Tuesday, March 21, 2006

Lake Labish Japanese and the radio in the well

We're collecting further information regarding the the Lake Labish Japanese and the radio in the well.

As a matter of fact we're studying all the information sent to BainbridgeHistorians regarding this history and we thank you for sending us this history from so long ago. It needs to be documented for the record.

If you have an historical experience you wish to share please email it to historian@bainbridgehistorians.net.

Upon learning Lake Labish did indeed have an ethnic Japanese farming community. I received a second correspondence:

"We lived in a cluster of homes five miles north of Salem, Oregon in a rural area called Hayesville. Ron ** and his family lived across the road from us, a road called Milton road. He moved into the neighborhood in the 1930s. Hayesville was very near the main railroad line between San Diego and Seattle.

Lake Labish is located about five miles north of Hayesville. Mr. ** told me that shortly after the war started, an Army officer came to his home to ask a favor. The government was picking up radio signals from the Lake Labish area after trains passed through. The officer said they did not have the man power to investigate where the radio signals were coming from. He ask Mr. ** if he would assemble some people to go to the Japanese village in Lake Labish at night and watch for any strange activity when trains passed though.

Mr. ** said that he got some of his neighbors: Mr. **, Mr. **, and Mr. ** (all men we knew when we were kids), they went to Lake Labish, found a spot in the fir trees over looking the Japanese village, and began to watch.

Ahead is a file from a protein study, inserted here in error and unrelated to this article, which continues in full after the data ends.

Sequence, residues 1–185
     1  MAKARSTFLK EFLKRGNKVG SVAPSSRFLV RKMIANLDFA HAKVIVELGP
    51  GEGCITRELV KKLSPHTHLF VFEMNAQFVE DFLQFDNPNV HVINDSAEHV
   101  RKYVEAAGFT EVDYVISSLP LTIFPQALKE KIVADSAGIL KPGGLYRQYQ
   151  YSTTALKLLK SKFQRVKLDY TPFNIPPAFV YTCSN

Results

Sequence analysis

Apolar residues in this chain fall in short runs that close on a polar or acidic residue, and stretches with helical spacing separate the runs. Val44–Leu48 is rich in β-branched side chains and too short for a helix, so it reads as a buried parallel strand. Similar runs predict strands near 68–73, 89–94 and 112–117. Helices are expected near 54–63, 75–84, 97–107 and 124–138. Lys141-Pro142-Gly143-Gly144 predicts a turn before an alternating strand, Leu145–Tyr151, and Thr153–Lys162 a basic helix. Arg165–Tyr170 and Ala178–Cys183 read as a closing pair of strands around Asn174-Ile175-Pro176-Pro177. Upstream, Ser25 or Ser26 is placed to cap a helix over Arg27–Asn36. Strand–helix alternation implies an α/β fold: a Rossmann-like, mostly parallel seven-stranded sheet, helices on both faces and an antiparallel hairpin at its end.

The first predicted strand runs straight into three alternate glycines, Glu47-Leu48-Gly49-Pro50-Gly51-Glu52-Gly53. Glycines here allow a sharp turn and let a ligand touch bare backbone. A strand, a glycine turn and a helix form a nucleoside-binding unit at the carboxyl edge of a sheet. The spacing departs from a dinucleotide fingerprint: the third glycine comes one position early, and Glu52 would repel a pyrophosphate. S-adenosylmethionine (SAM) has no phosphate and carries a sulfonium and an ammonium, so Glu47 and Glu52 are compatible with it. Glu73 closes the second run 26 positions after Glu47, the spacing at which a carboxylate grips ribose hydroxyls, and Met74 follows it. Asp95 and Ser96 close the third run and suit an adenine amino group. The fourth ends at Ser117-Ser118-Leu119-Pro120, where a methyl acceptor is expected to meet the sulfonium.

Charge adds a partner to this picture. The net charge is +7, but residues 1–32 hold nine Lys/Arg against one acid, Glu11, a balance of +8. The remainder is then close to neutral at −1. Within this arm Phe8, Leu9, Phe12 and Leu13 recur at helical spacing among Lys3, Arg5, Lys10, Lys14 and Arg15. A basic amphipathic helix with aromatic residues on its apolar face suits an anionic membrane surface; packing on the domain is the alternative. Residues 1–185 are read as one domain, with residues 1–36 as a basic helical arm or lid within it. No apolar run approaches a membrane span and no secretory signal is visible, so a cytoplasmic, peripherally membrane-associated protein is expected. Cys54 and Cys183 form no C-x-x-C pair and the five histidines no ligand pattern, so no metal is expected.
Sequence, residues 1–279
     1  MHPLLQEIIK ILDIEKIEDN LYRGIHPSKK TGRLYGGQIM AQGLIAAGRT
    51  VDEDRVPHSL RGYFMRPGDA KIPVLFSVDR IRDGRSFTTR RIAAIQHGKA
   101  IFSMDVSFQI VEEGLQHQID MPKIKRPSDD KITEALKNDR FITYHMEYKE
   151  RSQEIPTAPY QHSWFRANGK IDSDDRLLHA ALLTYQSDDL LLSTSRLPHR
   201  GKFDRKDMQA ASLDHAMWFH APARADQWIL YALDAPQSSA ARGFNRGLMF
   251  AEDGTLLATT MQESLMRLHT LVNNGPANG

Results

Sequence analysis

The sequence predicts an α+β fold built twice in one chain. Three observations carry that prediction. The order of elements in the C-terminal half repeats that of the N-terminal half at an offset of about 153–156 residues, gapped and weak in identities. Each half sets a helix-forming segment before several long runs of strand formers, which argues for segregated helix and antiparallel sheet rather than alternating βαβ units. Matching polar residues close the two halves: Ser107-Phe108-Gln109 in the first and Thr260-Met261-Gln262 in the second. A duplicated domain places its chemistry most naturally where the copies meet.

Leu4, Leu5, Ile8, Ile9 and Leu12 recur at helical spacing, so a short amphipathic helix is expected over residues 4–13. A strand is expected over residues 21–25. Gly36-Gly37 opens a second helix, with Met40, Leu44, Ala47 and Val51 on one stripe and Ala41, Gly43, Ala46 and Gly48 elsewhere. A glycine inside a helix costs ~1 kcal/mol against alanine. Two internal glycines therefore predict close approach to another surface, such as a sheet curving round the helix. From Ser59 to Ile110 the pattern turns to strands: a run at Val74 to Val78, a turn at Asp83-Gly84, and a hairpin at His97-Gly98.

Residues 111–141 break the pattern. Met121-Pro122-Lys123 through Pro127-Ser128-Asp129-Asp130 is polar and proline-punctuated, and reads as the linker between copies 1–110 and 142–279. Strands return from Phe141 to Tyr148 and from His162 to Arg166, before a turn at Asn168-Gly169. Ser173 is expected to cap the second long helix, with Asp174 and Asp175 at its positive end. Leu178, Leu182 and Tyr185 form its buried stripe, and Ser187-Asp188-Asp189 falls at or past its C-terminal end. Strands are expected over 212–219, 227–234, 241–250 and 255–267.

After a train passed though an old Japanese man came out from one of the small houses, went to a well, pulled up a package from the well, and took it back to his cabin. Mr. ** reported the incident to the officer in Salem. Some time later the officer came back to Mr. **'s house and told him that the Army found a radio tied to a rope in the well. The Army suspected that the old Japanese man was transmitting information about the trains to a submarine.

A couple years ago, I went into the FBI's website and found a link to their WWII investigation files for spies. There were quarterly reports completed by he FBI to the Justice Department signed by J. Edgar Hoover. I printed out several, including a last summary report in late 1945. The reports included all the investigation activities of all the FBI offices, including the office in Portland. I have since gone into the FBI website and I couldn't find the link as the website had been updated. I could fax the reports to you if you would like.

The summary report is probably the only one you would need. It is quite interesting. There was also a letter, with approval signatures, dated in 1968, saying that it had been approved to send the West Coast files to the University of Washington to be archived. Apparently, someone at the University was doing research on war time spying on the West Coast and made the request.

I had planned to make a request of the U of Washington library to see if they still had the files, and to research if the Lake Labish incident was included. Because I couldn't confirm any part of the story, I had lost interest. Your article has revived my interest. I suppose an e-mail inquiry to the school's library would get the investigation started. Do you have any interest in working together on it?

Thanks again for the article. It was damned exciting to get it."

You're welcome! The quest for historical accuracy is a slander against no person!


At May 26, 2010 4:31 PM, Blogger KPIC said...

have u checked with UW for the files


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